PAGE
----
Children do not know that diversity exists and so they do not see it as such or merely observe it in other children without experiencing it.

By learning two languages, by learning to think in two languages, children live and experience plurality, they are no longer prisoner of a monolithic identity. One of the most frequent criticisms about early language learning concerns the risk of creating rootless persons; in fact, it produces persons who have roots as all others but who know that their roots are not the only possible roots and that there are as many roots as there are persons.


Q5:

Does learning a foreign language at an early age also improve cognitive abilities?

A:

The formulation is actually correct in some ways. Another language is a challenge; another language is fascinating; the materials are nice to work through. If a visitor or a kindergarten group comes from a neighbouring country, the hosts’ curiosity is piqued and they want to understand their guests. There is research showing that early language learning may even improve non-verbal cognitive abilities like mathematics.


Q6:

Do children who learn a foreign language at a very young age have an easier time learning additional languages?

A:

It is easy for them if they’ve remained motivated through good instruction and teachers who put them in stimulating situations where they see how the language is actually needed.


Q7:

What will happen if the children do not continue learning later on in school or if they learn a different foreign language in school? Will the efforts to start learning languages in preschool age have been useless?

A:

The problem of continuity exists in any case, even if the children start to learn English in kindergarten and then continue with the same language at school.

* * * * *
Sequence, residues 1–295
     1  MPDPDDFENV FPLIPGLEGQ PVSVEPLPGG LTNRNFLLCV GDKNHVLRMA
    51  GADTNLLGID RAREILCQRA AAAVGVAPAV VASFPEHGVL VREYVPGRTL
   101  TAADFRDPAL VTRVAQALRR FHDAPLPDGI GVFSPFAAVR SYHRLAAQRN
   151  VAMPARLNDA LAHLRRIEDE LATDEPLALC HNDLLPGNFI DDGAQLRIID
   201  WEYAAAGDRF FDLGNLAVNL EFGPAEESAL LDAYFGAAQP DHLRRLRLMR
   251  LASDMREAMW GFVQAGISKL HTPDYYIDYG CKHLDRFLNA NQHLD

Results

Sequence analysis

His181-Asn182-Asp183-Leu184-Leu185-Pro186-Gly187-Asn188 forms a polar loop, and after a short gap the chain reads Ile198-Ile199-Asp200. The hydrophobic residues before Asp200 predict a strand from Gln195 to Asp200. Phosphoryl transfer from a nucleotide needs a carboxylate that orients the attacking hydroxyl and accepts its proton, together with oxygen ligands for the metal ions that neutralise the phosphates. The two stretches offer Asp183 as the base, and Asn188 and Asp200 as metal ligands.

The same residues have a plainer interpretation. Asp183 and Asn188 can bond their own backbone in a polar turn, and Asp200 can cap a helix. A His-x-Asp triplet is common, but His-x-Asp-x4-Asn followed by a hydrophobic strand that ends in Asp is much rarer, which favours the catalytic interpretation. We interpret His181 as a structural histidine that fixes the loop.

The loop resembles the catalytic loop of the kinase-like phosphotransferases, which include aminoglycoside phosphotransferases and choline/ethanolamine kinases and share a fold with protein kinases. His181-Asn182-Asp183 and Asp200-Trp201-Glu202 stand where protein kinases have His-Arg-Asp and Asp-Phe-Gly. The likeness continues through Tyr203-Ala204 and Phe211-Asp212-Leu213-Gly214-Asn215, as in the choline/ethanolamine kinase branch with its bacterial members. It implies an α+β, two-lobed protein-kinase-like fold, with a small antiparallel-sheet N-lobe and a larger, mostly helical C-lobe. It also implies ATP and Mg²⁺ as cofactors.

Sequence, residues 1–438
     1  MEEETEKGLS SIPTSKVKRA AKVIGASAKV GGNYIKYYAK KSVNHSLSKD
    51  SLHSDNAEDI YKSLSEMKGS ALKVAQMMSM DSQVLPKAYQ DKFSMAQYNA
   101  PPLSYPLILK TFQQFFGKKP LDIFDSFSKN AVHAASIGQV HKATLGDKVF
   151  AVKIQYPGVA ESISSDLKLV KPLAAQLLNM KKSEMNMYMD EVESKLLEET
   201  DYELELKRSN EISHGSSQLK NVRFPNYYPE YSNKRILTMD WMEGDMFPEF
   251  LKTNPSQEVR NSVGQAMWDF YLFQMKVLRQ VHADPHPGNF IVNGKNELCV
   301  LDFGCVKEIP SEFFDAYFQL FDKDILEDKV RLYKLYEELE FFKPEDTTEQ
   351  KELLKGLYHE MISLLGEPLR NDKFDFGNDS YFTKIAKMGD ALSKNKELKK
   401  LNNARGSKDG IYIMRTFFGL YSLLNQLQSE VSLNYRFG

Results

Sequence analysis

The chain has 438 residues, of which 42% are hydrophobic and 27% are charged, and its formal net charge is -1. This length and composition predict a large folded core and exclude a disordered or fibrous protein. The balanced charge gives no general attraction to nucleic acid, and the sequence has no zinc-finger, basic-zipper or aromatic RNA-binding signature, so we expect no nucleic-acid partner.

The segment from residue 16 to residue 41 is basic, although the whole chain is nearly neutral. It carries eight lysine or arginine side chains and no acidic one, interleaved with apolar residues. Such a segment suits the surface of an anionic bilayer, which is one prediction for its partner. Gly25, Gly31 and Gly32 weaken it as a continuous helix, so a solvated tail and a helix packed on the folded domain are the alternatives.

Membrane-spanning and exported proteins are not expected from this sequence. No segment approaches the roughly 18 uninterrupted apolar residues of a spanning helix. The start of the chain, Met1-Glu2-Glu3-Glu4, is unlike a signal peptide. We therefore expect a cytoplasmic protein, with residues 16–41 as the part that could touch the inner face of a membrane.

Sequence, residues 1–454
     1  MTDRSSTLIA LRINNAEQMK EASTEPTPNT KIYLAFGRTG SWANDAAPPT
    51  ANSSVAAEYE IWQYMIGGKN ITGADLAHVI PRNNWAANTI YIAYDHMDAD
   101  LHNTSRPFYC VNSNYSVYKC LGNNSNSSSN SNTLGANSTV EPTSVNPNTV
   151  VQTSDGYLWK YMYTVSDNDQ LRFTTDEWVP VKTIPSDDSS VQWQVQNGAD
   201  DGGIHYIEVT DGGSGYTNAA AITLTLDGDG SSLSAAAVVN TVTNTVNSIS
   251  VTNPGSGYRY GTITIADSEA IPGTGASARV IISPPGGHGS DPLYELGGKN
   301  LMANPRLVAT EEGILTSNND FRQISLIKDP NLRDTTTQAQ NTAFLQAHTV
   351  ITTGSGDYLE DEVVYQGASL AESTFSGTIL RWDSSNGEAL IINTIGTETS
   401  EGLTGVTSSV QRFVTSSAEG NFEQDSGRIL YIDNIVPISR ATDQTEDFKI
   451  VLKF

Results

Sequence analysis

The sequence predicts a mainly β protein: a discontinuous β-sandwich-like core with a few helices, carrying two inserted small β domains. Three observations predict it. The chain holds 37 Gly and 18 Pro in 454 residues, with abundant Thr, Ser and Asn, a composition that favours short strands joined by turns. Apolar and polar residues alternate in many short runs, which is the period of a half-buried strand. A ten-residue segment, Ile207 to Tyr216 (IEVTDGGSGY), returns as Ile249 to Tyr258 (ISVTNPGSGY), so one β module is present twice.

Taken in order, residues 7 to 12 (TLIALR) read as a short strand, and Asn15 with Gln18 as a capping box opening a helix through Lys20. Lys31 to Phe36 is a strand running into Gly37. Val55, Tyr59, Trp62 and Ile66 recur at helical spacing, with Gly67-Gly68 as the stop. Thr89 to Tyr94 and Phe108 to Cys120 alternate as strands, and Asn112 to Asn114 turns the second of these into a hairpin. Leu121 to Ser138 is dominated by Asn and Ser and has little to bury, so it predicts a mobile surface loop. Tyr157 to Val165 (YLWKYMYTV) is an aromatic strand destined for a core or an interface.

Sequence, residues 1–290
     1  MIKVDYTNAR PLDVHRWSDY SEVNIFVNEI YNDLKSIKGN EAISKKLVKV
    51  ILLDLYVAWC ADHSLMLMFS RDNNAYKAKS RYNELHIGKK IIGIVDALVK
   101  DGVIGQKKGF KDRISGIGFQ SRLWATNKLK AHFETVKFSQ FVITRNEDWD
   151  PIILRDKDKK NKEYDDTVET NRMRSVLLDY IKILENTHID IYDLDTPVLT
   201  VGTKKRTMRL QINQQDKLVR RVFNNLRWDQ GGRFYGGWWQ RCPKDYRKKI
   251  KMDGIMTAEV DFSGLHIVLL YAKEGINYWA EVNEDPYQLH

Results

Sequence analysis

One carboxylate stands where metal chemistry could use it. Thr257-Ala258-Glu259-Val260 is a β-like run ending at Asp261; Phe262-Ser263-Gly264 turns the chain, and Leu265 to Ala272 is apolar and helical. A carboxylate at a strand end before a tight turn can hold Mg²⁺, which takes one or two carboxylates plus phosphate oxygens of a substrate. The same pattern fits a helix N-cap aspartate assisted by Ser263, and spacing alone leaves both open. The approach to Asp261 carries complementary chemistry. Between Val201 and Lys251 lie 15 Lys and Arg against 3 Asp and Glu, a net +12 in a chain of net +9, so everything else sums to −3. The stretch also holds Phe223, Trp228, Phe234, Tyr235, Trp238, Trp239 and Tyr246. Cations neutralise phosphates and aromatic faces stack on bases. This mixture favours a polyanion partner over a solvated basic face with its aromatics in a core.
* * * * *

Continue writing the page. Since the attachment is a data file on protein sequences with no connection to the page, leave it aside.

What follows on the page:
Even if there is less space for languages in the subsequent levels of education, early language learning will open children’s minds and even take away the fear to learn languages considered as very difficult.


Q8:

Why is it useful to involve parents in the process of very early language learning of their children?

A:

Currently, few children start the language acquisition at very early age (pre-school) and those who do usually attend school like courses. The disadvantage of such an approach is that there is usually only minimal exposure to the target language, which keeps the language foreign.


Q9:

Which are the problems, parents are faced with when trying to support their children in the process of very early language learning?

A:

The main problem lies in the parents’ language and methodological skills. Although the level of motivation of part of the parents is quite high, their ability to transfer the target language to home environment and their everyday activities tends to be limited due to the level of the parents’ language skills as well as their uncertainty how to treat the foreign language in their activities with their children.


Q10:

How will the project help parents, to support their children in the process of very early language learning?

A:

The project will create a parent training model enabling parents to become their children’s guides in the language acquisition process. The parent training model is going to stand on a triangle frame – the courses offered will concern the following areas:

  • Ability to speak the foreign language
  • methodology for very early language learning
  • Knowledge about developmental psychology

Training for parents seems the most fruitful way to maximize the time of children’s exposure to the target language in a natural and also the most economic way.